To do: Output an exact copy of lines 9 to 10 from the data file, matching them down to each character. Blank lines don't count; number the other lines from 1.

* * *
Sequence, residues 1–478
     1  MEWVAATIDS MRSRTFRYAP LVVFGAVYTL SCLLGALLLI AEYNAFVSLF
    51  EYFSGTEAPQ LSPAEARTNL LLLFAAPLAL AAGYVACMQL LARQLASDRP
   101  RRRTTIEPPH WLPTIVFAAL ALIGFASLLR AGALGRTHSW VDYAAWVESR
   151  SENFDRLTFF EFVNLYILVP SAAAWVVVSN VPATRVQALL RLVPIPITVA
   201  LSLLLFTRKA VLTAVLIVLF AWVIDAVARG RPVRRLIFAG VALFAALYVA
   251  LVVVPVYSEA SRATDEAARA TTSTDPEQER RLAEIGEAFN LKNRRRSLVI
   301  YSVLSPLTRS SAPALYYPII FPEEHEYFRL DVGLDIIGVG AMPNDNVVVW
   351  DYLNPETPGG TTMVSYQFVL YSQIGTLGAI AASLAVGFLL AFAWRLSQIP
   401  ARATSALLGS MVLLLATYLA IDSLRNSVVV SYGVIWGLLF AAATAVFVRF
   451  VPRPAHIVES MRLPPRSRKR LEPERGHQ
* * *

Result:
   351  DYLNPETPGG TTMVSYQFVL YSQIGTLGAI AASLAVGFLL AFAWRLSQIP
   401  ARATSALLGS MVLLLATYLA IDSLRNSVVV SYGVIWGLLF AAATAVFVRF